Great virtual managers will find ways to make sure their virtual team members are well integrated, well-informed, and appreciated for their contributions.

Contact us to talk about ways you could improve performance of your virtual team. Taking proactive action is what these sins need to be undone.

Virtual Sin #5: Goal and Role Ambiguity

Role Ambiguity is one of the greatest sources of stress for leaders and members of virtual teams. Leaders cannot achieve effective team performance without clearly defined goals and roles. The role of the virtual team leader is to implement structured processes, well-defined goals, and clear accountabilities for each team member.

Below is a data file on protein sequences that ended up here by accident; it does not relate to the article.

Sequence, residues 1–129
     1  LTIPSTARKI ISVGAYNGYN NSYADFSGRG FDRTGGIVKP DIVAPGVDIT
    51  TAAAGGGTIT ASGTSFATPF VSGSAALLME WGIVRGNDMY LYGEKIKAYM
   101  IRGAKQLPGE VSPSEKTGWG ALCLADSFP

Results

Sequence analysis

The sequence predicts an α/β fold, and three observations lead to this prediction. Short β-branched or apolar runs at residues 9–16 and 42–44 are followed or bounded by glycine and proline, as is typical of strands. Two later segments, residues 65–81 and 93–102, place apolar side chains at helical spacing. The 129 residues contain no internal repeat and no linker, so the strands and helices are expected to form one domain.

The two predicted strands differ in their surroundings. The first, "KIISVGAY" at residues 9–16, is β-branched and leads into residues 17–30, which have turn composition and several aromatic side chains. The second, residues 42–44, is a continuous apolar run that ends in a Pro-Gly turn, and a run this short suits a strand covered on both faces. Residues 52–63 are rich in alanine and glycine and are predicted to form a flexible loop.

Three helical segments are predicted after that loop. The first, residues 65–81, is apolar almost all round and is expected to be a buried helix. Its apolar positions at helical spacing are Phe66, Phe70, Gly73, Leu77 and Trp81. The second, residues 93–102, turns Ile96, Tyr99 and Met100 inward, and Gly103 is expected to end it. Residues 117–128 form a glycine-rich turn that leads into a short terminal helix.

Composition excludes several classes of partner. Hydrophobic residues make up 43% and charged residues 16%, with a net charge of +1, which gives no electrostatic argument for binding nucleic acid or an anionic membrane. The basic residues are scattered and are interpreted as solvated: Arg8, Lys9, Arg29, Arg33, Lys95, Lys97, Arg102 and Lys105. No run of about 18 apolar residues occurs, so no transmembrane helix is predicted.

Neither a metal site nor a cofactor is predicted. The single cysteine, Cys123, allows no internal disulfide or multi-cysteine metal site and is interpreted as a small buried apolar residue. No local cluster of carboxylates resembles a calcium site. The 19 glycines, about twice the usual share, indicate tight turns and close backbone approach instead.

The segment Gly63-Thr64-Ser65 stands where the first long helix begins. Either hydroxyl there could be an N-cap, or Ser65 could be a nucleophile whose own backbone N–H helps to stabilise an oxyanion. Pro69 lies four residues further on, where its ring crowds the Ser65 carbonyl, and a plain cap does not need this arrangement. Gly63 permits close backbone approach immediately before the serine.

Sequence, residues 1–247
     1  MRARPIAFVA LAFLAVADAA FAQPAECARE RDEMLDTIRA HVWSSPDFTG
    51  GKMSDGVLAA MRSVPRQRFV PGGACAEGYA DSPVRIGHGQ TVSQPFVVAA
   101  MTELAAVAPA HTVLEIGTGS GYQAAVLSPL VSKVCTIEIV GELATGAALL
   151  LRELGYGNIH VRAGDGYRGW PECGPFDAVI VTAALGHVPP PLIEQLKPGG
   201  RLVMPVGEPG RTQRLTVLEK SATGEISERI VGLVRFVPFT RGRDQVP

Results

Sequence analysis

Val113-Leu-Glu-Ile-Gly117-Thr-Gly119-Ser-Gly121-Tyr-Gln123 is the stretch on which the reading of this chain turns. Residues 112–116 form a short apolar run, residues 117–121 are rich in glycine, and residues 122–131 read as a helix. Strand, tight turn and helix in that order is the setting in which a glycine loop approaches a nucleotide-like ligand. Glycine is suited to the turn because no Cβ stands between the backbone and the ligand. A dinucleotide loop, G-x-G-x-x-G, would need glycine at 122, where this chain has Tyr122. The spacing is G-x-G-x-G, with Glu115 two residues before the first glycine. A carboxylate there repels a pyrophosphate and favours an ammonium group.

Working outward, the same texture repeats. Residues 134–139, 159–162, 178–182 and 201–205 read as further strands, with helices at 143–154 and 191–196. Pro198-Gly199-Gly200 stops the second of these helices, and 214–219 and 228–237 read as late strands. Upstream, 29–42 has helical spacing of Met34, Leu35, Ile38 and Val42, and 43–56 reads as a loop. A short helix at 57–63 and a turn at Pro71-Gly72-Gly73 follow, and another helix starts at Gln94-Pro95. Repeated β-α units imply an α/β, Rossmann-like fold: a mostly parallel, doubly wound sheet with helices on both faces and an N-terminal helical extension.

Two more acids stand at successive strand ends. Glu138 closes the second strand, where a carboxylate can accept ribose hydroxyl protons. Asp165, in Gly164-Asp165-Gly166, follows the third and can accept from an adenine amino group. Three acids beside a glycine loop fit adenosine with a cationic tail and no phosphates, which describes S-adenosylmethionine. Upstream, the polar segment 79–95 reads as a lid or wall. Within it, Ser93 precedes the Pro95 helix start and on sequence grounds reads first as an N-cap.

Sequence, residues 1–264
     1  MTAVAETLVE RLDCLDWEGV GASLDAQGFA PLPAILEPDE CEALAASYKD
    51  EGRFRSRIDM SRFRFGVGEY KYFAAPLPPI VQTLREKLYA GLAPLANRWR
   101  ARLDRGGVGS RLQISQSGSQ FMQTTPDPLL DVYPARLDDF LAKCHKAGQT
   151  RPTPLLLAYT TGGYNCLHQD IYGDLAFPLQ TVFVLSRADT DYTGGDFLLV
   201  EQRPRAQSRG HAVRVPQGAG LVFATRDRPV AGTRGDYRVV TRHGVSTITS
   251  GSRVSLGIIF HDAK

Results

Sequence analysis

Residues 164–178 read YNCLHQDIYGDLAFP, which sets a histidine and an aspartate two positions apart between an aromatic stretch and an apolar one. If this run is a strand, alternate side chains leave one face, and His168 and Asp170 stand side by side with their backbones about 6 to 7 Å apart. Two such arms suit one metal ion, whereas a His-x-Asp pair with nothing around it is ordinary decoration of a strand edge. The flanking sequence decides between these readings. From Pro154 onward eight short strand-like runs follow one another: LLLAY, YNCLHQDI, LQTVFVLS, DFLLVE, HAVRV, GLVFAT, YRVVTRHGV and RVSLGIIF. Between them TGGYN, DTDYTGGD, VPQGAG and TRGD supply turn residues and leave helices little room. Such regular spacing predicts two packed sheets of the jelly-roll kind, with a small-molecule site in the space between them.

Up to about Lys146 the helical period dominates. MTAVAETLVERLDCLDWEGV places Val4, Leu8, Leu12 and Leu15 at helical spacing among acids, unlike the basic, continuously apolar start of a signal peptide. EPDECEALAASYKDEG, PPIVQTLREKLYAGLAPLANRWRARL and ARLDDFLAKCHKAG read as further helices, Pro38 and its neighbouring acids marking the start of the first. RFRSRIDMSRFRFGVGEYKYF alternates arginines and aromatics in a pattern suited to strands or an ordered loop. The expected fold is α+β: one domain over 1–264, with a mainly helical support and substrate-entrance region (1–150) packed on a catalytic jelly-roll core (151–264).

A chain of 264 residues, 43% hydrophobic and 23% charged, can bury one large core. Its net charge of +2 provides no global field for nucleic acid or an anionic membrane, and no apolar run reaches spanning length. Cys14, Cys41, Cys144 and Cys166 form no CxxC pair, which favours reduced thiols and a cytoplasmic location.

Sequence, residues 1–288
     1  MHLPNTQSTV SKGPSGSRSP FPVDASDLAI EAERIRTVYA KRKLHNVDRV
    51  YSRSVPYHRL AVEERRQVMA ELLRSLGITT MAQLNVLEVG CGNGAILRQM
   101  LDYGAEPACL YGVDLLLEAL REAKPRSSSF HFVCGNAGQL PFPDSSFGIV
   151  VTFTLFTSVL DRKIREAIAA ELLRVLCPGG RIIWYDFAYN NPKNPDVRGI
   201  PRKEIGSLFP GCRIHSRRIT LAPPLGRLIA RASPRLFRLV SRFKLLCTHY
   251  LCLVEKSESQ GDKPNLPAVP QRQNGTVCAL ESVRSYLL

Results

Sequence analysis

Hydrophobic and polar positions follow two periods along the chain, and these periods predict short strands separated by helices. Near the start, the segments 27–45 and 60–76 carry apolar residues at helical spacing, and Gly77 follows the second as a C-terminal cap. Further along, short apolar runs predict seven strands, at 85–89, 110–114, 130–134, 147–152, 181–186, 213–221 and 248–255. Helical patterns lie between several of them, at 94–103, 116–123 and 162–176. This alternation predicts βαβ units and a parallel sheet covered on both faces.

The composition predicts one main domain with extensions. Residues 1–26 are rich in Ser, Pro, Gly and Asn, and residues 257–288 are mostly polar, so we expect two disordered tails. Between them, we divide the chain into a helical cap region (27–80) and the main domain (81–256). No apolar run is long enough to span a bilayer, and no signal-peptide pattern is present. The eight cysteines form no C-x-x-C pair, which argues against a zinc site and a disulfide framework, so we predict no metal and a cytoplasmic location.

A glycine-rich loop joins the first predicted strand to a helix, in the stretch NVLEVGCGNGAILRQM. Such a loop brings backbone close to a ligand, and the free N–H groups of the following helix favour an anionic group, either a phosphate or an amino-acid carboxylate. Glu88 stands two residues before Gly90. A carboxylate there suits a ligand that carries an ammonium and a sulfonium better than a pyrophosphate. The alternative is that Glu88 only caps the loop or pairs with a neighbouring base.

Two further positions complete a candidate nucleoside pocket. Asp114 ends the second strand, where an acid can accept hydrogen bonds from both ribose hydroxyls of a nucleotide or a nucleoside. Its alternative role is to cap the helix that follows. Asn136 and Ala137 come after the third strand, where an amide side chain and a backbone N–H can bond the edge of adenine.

The result of poorly communicated goals and roles is higher frequency of misunderstanding, lower levels of coordination, missed productivity benchmarks, and higher costs.

Virtual Sin #6: Taking Trust for Granted

Trust is the foundation of a high-functioning team, virtual or otherwise – it’s the glue that holds the team together.

Unfortunately, it takes four times as long for virtual teams to build trust compared to their face-to-face counterparts.

Teams with high levels of geographic, operational and cultural differences report lower levels of trust, innovation, satisfaction and collaboration than more homogeneous teams. In fact, only 50% of virtual employees report success at building trusted relationships with their fellow team members, and 52% cite managing conflict as one of the biggest issues they face.